New York City will take necessary steps to ramp up security should the United States take military action against Syria, NYPD commissioner Ray Kelly told Jewish clergy and leaders Tuesday during a pre-High Holy Days briefing.
As has become standard practice for Rosh Hashanah and Yom Kippur, the NYPD will deploy officers and vehicles around houses of worship, with additional resources to be sent to precincts with large Jewish communities, Kelly said at the meeting inside police headquarters.
This year, security concerns among the Jewish clergy have risen amid the possibility the United States and its allies might strike at the regime of Syrian president Bashar Assad in retaliation for suspected use of chemical weapons against his own people.
"We don't know what is going to happen, but we are as well-prepared as any big police department in the country to respond," Kelly told the group.
Kelly noted that the NYPD has special heavily armed Hercules vehicles ready to deploy around key buildings, hotels and other structures.
Rebecca U. Weiner, director of intelligence analysis for the NYPD, briefed the meeting about current terrorism threats in the Middle East, with emphasis on the situation in Syria.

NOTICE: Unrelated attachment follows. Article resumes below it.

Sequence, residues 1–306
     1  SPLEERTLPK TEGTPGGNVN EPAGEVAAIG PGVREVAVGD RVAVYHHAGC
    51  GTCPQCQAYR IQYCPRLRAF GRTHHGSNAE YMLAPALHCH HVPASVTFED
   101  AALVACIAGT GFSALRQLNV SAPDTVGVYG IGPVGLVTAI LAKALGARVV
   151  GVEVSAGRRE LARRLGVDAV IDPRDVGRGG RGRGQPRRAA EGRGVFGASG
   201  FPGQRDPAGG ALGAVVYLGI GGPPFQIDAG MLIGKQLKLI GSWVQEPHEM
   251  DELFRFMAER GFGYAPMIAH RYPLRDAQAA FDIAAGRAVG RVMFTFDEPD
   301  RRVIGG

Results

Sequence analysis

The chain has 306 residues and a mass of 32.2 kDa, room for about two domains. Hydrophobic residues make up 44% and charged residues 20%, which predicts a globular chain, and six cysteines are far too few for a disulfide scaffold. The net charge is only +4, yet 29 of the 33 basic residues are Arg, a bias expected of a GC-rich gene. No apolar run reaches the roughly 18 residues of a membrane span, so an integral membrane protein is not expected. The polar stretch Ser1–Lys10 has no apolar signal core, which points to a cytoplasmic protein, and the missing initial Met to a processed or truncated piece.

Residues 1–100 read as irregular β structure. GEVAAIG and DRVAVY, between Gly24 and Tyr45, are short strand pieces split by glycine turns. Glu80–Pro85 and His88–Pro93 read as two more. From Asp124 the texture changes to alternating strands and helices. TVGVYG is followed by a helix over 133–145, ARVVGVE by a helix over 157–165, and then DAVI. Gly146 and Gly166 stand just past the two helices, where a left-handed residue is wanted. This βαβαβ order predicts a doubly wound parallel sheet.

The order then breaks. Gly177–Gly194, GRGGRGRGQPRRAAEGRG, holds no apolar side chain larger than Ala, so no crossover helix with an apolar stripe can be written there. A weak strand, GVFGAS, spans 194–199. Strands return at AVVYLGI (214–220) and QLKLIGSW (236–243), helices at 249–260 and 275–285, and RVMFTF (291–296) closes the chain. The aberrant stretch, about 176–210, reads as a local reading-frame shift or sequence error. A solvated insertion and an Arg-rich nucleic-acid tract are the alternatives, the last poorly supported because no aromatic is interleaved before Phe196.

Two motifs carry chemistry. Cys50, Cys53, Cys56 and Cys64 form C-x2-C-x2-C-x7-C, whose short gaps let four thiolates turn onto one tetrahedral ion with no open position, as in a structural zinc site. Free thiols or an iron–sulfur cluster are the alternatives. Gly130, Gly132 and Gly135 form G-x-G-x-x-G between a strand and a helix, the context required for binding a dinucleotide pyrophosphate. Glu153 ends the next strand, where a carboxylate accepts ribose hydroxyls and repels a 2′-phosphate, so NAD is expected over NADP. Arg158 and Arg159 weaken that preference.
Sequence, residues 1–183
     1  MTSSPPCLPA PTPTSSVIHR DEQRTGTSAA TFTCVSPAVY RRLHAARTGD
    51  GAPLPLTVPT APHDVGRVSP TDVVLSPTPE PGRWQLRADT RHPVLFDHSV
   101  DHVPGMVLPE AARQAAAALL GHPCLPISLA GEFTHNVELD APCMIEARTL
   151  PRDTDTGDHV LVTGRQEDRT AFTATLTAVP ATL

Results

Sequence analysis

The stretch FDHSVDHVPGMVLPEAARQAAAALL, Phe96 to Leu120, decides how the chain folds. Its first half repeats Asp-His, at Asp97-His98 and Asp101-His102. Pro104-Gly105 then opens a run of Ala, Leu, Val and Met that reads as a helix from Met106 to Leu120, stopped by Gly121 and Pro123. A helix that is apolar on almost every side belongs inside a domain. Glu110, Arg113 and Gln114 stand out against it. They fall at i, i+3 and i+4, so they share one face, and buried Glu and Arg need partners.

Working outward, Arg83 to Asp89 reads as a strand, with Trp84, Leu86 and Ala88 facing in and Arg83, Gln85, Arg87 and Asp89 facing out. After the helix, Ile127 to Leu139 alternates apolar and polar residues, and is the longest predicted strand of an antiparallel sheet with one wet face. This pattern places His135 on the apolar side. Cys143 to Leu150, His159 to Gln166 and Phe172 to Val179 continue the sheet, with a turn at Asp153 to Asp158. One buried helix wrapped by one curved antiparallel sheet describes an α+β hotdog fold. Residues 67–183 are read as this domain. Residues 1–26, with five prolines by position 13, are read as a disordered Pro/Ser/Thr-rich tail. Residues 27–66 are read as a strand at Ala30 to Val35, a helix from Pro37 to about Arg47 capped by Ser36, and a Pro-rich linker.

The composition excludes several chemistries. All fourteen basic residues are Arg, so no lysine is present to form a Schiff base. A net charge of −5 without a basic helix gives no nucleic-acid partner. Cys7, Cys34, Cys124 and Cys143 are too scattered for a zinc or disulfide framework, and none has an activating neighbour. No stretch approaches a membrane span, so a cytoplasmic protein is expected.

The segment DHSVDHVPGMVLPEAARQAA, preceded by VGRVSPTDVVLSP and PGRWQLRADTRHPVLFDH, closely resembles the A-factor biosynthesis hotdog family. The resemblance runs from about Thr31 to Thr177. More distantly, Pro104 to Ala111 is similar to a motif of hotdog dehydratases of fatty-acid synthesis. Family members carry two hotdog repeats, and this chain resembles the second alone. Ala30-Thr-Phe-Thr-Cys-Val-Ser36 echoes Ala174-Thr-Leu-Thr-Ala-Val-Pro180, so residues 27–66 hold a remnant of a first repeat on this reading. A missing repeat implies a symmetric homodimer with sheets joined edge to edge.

"It appears that President Obama's red line has been crossed," Weiner said of U.S. warnings to Assad about chemical weapons.
Kelly told the clergy that where necessary, they could talk to local precinct anti-crime officers and commanders to get help in enhancing their own security measures at synagogues and other religious institutions.
Rosh Hashanah observances begin at sundown Sept. 4 and run through sundown Sept. 6. Yom Kippur services begin the evening of Sept. 13 and end at sundown Sept. 14.
Speaking to reporters later, Kelly explained that the NYPD has no intelligence that the city would be subject to any attack if Syria was struck.
"We are always concerned about it [terrorism] reflecting back to the U.S., so that is why we are constantly looking for what is a happening around the world," Kelly said.The NYPD has 11 officers stationed abroad to serve as intelligence listening posts and liaisons with foreign police and security agencies. ___